If it just had automatic climate control on the SkyActive I might bypass the CX-5. Then again, the CX-5 is better looking, and I just do NOT get why the SkyActiv isn't available in Velocity Red Mica? Just black, white and blue? Police cruisers maybe? I refuse to consider a shade of grey on a Mazda, it's just not right. :)
  • backybacky Twin CitiesPosts: 18,686
    Yeah, I did a double-take when I saw the color palette for the Skyactiv Mazda3. BORRRRRR-ing. Gotta have red available on that car.
  • aviboy97aviboy97 Posts: 3,159
    While agree there should be Velocity Red offered, or some sort of red, it has been around since 2004 and has not really been a big sales success, on the Mazda3 anyway...

    Mazda has a tricky delima....they want to appeal to those who are driving enthusiast but it is not good business practice to offer items to those that will only appeal to a very, very select few.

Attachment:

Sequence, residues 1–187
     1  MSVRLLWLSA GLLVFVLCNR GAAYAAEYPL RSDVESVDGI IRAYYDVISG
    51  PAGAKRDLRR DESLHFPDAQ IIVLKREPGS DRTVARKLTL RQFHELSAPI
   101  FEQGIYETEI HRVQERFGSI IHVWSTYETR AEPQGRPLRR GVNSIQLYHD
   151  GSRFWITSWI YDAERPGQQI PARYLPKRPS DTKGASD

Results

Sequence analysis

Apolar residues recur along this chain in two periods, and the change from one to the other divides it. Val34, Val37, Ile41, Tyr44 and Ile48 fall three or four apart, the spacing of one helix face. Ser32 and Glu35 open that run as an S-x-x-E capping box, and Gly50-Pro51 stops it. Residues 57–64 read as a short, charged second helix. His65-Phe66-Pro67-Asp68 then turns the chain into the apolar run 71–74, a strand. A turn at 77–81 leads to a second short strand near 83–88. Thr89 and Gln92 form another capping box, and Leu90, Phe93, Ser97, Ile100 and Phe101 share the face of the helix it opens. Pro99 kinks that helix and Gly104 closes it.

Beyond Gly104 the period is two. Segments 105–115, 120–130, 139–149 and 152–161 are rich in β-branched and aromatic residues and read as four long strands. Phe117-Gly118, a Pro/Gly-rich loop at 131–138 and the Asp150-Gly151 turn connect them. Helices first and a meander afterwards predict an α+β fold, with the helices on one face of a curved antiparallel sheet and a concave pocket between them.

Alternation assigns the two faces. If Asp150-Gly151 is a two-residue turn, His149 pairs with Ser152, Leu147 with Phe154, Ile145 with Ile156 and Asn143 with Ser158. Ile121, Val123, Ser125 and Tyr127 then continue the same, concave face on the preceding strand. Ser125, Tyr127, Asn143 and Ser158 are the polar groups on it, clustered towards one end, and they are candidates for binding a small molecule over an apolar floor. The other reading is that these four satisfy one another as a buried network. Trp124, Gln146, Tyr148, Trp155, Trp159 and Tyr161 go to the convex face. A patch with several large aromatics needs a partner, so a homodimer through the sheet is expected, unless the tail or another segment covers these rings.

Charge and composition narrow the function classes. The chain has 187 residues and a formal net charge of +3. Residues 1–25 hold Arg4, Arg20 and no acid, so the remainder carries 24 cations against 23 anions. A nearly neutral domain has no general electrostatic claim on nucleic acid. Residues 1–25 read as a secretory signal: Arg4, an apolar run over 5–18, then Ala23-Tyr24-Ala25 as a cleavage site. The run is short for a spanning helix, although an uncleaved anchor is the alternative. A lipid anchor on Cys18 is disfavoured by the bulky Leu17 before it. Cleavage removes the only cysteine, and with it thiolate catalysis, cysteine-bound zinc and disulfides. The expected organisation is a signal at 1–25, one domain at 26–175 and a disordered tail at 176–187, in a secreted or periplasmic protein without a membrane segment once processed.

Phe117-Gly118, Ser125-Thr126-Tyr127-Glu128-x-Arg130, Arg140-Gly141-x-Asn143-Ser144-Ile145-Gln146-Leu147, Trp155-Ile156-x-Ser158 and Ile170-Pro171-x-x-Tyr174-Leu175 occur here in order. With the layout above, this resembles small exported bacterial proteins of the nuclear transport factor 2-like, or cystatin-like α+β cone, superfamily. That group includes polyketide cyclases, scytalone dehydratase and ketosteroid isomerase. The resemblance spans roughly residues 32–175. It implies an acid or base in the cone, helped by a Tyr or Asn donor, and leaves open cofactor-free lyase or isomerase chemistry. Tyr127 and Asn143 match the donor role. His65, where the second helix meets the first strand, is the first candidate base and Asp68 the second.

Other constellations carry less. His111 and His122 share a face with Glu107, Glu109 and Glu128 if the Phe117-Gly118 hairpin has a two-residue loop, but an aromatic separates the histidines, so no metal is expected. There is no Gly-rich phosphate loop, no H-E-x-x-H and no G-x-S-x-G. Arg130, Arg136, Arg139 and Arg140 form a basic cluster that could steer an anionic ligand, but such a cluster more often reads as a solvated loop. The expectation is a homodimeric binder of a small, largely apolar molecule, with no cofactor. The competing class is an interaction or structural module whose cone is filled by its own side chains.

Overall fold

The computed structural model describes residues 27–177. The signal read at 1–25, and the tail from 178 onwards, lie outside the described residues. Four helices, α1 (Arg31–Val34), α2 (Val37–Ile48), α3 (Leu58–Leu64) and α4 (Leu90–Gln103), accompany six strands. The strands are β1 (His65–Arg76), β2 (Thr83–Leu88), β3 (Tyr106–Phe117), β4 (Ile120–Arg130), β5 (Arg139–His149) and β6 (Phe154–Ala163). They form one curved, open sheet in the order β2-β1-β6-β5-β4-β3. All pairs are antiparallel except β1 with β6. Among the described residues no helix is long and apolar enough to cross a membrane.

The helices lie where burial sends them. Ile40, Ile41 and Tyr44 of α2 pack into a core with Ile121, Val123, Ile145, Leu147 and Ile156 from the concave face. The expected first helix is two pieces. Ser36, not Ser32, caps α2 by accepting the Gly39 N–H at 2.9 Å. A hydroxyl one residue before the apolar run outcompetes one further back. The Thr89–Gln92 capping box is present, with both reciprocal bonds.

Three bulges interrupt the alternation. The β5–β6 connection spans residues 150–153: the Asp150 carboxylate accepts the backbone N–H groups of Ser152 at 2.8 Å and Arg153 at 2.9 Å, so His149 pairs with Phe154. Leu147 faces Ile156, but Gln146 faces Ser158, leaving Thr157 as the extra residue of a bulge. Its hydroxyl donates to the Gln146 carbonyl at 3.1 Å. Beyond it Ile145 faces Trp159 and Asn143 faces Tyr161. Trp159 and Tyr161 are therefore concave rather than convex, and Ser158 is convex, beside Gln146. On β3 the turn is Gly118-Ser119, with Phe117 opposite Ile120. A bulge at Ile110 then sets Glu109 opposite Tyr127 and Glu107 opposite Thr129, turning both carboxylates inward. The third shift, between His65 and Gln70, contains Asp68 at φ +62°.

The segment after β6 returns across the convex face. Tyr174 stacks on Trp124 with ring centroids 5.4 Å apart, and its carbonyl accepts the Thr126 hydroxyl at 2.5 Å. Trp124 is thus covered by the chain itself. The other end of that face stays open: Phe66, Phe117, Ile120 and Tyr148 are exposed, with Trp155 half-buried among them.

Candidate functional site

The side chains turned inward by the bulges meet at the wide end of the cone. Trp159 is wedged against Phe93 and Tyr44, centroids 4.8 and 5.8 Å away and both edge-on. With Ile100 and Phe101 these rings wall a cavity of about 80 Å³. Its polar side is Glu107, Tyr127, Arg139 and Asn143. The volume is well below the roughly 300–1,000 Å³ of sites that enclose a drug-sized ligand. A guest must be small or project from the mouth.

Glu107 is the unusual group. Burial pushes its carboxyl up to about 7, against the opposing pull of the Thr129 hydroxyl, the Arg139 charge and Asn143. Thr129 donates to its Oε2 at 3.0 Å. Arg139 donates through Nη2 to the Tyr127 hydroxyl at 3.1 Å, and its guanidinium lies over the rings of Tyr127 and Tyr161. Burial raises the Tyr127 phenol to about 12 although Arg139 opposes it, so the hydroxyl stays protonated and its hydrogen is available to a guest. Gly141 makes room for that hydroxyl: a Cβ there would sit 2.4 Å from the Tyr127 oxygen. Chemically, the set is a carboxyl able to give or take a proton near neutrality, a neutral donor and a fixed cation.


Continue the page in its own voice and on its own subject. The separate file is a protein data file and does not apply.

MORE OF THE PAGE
Unfortunately, every other manufacturer gets a pass on this, but Mazda gets blasted. It is something they have delt with for a while.

    On a side note, the Sky Blue is an awesome color! At least they got that right!
  • bpizzutibpizzuti Posts: 2,743
    They're offering it on the S models. No reason to not offer it on the SkyActiv models as well.

    If I buy one I want my own paint booth and an unlimited supply of Velocity Red Mica paint.
  • aviboy97aviboy97 Posts: 3,159
    edited October 2011
    It is offered, but no dealers order it because it does not sell. Out of the 50 Mazda3's I have in inventory, I have one Mazdaspeed3 in Velocity Red and one 5-door s Grand Touring in Velocity Red.